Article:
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What do goats and child sponsorship have in common?

Education Girls' Rights

You might not think that goats have much in common with child sponsorship. But they can both help lift families out of poverty.

Tara and her husband Budero who live in the Kurigram district in Bangladesh, are the proud parents of
two young girls. Working as a farm labourer, Budero’s income was barely enough to support his family. And when the COVID-19 restrictions closed the local markets, he lost his job leaving the family in dire straits. “Times were tough even before the pandemic,” he shares.

Tara, Budero and their daughter Lipi
Tara and Budero with their daughter Lipi

Learning about Plan International’s sponsorship programme, Tara and Budero were keen to sign their youngest daughter Lipi up to the scheme which connects children to supporters around the world. “We heard about the sponsorship programme through a community volunteer. Plan enrolled Lipi as a sponsored child in 2021,” explains Tara.

Being part of Plan’s sponsorship family, the family were eligible for a small financial grant of BDT 2,300 (EUR 22) from the organisation in April 2022 to support families of sponsored children affected by the COVID-19 pandemic. Tara decided to invest the money in a female goat, which could provide milk to supplement their family’s diet. The goat also provided Tara with a way to earn an income as well as learning practical livelihood skills. After a few months, a baby goat was born which Tara was able to sell for a good profit. “With each new kid born, our family’s fortunes have improved as the market value of
goats has risen,” explains Tara.

Lipi and her sister with their goats
Lipi and her sister with their goats

Tara and Budero also benefited from parenting sessions run by Plan International alongside our local partner MJSKS which teaches mothers and fathers childcare techniques and communication skills, as well as raising awareness about the importance of children’s education and treating girls and boys equally.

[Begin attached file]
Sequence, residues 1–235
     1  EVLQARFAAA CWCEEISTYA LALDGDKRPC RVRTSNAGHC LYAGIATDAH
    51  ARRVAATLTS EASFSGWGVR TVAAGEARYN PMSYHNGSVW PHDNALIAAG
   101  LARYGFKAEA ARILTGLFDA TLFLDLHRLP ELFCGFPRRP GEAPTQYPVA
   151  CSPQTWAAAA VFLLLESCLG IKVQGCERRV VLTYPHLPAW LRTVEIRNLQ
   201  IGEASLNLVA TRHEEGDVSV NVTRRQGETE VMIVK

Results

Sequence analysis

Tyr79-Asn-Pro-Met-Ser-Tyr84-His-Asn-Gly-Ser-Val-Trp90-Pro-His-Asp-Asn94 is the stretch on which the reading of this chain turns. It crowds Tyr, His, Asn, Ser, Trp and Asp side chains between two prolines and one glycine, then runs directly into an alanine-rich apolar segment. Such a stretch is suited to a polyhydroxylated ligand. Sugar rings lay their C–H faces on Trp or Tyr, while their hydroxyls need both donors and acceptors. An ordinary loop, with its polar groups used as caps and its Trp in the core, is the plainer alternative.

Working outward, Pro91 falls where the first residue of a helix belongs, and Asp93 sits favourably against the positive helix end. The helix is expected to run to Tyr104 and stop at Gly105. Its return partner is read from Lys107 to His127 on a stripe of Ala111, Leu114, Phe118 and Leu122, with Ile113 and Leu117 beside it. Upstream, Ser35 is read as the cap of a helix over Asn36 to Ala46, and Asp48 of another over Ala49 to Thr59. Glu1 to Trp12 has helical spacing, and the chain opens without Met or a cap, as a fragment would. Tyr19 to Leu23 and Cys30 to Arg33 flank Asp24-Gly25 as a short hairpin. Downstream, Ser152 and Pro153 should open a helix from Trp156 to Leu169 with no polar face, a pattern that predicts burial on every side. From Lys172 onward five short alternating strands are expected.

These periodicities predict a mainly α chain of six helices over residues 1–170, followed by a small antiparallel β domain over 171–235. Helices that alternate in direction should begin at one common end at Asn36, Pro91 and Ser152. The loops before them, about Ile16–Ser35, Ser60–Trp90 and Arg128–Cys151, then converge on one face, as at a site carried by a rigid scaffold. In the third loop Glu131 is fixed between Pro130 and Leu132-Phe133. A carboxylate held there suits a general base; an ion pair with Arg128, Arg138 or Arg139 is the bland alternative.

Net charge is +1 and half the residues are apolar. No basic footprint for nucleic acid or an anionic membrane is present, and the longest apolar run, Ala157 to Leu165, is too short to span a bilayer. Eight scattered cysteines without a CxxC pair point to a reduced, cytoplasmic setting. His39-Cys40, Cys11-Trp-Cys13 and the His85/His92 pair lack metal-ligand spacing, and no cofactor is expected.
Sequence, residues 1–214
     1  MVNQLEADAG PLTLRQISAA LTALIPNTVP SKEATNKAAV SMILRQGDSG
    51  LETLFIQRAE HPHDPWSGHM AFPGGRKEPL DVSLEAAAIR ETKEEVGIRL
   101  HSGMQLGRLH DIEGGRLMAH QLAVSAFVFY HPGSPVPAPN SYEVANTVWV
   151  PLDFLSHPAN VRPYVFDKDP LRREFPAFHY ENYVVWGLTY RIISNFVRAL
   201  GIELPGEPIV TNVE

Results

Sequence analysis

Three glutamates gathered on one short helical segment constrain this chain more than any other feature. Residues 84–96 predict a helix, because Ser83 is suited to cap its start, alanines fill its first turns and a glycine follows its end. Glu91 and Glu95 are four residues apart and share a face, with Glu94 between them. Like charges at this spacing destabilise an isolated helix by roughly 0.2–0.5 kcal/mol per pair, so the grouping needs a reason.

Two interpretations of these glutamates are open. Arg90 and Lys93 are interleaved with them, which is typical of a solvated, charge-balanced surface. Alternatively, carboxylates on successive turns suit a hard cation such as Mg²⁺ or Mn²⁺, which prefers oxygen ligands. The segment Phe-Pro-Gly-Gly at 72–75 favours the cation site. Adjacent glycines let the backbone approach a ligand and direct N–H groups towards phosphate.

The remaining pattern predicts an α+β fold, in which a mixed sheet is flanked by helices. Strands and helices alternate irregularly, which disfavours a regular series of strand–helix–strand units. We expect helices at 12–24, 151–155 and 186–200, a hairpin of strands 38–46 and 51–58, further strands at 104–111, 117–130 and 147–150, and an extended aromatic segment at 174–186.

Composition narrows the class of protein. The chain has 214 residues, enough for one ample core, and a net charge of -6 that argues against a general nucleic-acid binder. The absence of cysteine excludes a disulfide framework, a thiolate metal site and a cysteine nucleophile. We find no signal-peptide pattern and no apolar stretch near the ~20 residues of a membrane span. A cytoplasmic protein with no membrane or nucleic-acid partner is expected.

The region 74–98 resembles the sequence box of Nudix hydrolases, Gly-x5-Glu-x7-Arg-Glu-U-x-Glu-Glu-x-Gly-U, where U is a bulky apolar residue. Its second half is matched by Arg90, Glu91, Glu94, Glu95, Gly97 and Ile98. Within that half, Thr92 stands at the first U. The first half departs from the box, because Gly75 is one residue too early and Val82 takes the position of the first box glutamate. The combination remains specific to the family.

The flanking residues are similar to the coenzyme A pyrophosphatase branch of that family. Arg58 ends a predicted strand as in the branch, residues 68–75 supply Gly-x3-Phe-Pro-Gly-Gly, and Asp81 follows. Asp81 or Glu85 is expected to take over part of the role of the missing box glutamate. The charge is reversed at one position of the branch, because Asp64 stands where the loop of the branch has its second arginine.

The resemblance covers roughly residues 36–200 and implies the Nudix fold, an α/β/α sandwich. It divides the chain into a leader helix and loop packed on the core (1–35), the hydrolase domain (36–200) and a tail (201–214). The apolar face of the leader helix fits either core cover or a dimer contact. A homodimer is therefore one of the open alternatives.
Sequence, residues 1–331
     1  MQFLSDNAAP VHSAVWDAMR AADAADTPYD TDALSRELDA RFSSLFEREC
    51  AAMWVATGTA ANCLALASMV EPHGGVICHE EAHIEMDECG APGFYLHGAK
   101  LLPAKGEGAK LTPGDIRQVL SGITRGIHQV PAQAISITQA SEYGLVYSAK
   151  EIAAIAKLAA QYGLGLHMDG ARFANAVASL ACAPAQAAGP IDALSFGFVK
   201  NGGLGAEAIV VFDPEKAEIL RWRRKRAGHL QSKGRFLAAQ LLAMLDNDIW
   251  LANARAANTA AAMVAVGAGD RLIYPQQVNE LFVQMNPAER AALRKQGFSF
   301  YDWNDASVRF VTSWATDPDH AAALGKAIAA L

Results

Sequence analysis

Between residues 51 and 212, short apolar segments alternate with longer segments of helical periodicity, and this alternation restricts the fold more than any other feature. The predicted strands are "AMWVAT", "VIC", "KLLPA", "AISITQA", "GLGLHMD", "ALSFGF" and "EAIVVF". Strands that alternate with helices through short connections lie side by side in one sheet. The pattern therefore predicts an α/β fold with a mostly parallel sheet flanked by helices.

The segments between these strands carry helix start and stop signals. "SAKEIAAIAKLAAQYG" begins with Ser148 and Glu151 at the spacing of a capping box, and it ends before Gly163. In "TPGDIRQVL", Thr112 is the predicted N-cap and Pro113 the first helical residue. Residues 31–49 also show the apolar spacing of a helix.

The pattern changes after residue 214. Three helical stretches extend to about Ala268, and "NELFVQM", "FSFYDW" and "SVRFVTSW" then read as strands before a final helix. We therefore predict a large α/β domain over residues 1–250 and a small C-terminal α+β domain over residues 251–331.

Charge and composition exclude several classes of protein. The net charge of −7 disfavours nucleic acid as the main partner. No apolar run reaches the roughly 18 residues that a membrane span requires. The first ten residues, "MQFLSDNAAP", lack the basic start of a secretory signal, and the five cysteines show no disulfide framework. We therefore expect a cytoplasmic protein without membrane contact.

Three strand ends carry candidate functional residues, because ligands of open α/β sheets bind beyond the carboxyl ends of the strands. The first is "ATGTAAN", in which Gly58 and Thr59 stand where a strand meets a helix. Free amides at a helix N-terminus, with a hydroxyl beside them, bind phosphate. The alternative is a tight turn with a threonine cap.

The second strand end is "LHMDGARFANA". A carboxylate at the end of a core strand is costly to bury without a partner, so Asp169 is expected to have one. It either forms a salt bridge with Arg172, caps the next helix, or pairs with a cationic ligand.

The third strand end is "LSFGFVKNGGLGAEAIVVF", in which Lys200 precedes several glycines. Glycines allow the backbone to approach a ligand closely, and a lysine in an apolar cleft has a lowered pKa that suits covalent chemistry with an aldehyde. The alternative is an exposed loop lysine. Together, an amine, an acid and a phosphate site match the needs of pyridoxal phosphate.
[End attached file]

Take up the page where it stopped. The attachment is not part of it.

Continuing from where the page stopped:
Some of the topics were unfamiliar to the couple, but Budero says it has transformed the way they are raising their daughters. “My perception has totally changed since I attended the sessions. I now buy footballs and toy cars for my daughters, instead of just dolls.”

Lipi now attends a child development (SBK) centre for children aged 3-5 supported by Plan International where she is learning how to recite rhymes, act, sing, dance and engage with other children. The centres support parents and caregivers by providing guidance on how to develop and collect low cost, free, and unused learning and play materials and how to use them to support their children’s development.

Lipi and other children from the early development centre
Lipi (far left) with other children in the early development centre

Tara says she had noticed a remarkable change in Lipi since she started going to the play sessions. “She has become more confident and expressive with those around her. Plan has helped us complete online birth registration forms, which means we can now enroll our children in school.”

Tara and Budero’s story is testament to the transformative power that small interventions that make, creating a ripple effect in people’s lives. They have come a long way from struggling to make ends meet to building a sustainable goat rearing business and creating a supportive and nurturing environment for their family.